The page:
July 23, 2024
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Phases Of Heat Illness: How Does Heat Affect Health?

Heat can have both direct and indirect effects on people. Heat illness, hastened respiratory disease mortality, cardiovascular disease, and hospitalisation are some of the immediate impacts. Indirect implications include increased food and waterborne disease transmission as well as the possibility for disruptions in electricity, water, transportation, and productivity. During the summer, the probability of drowning accidents is also seen to be higher.

Heat cramps, heat exhaustion, and heat stroke are three different stages of heat disease that can be severe and harmful to a child’s health. Fatigue, profuse perspiration, lightheadedness or dizziness, and calm skin and peripheries are some essential symptoms. Heat stroke, a severe form of heat disease, can develop if neglected.

Conjunctivitis is one of the previously listed ailments that is the most prevalent, and because it may be uncomfortable for children and put other family members at risk for infection, we will go into detail about it; Conjunctivitis, or “pink eye,” is a common condition among kids, especially those who are in school. It is an enlargement of the inner side lid conjunctiva.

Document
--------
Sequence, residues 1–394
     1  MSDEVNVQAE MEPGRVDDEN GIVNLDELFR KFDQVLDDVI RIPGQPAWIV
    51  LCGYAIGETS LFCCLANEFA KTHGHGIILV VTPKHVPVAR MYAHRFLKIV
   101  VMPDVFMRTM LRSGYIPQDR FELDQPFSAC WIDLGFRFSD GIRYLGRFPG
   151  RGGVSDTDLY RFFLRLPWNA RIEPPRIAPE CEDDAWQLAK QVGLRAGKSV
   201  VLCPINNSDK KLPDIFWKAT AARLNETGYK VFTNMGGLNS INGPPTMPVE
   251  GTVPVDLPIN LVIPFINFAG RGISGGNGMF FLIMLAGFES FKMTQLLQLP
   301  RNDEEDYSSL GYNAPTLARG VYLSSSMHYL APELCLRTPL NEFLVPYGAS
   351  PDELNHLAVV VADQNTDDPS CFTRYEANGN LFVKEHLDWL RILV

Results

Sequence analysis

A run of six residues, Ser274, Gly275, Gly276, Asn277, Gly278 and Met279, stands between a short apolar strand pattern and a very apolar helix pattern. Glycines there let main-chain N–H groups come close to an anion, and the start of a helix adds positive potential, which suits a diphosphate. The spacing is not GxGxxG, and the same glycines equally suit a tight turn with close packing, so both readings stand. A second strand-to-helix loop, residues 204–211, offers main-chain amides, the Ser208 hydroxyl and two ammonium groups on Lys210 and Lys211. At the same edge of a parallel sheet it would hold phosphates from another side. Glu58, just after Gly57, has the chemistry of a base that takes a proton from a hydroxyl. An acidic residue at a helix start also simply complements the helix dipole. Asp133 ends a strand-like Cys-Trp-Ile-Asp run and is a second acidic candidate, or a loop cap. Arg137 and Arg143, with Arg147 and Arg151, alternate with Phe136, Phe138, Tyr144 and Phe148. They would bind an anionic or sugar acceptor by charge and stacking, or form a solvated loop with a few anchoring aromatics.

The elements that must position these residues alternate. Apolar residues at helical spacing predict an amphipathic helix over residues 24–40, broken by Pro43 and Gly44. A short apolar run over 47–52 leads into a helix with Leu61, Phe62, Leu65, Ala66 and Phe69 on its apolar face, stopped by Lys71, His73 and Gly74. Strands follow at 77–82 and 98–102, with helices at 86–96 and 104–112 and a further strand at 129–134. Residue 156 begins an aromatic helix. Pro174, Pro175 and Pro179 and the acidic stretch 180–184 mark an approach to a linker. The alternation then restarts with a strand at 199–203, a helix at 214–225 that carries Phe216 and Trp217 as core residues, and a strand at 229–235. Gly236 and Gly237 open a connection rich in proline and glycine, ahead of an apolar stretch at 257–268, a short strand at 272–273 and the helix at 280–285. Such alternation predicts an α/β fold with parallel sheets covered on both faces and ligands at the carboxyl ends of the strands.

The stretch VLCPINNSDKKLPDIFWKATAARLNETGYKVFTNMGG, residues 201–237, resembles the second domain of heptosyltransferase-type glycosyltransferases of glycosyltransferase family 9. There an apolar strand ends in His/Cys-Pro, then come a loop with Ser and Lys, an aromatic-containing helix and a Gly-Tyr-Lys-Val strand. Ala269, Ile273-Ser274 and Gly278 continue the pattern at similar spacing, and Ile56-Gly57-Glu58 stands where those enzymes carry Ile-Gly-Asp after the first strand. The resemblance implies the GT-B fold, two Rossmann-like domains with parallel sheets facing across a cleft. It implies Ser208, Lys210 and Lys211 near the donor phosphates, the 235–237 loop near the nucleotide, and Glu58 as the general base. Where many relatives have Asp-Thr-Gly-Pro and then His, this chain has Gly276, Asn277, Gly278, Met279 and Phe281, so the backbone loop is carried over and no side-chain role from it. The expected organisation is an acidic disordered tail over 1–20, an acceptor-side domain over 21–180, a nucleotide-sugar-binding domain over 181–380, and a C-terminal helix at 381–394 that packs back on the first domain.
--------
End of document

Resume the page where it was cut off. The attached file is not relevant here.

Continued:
Some disorders that look like conjunctivitis may actually be major rheumatological issues that cause uveitis (inflammation of the uvea, middle layer of the tissue in the eye). Children rarely develop chemical conjunctivitis.

Infectious conjunctivitis can be brought on by either viruses or bacteria. Moreover, tainted pool towels or water might transmit it. In addition, a child with conjunctivitis can potentially spread the illness to others if there is ocular discharge.

Avoid Heat-Related Illness:

  • Spritz your skin with a mist of cool or room-temperature water.
  • Block out the windows in your home — especially those that get afternoon sun — with a blanket or a darker sheet during the day to keep the heat out.
  • If you don’t have A.C., keep windows open at night and run fans to circulate the air. Wirecutter, a New York Times company, has guidance on the best products to keep your home cool.
  • Wipe your forehead with a cool cloth.
  • Avoid strenuous exercise outdoors if possible.
  • Put ice cubes in your water bottle, especially if you’re outdoors.
  • If you do plan to exercise outside, or need to exert yourself outdoors for work, drink a slushie beforehand or douse your head in cold water. Cold showers can also help you cool down.


Picture Courtesy: Google/images are subject to copyright


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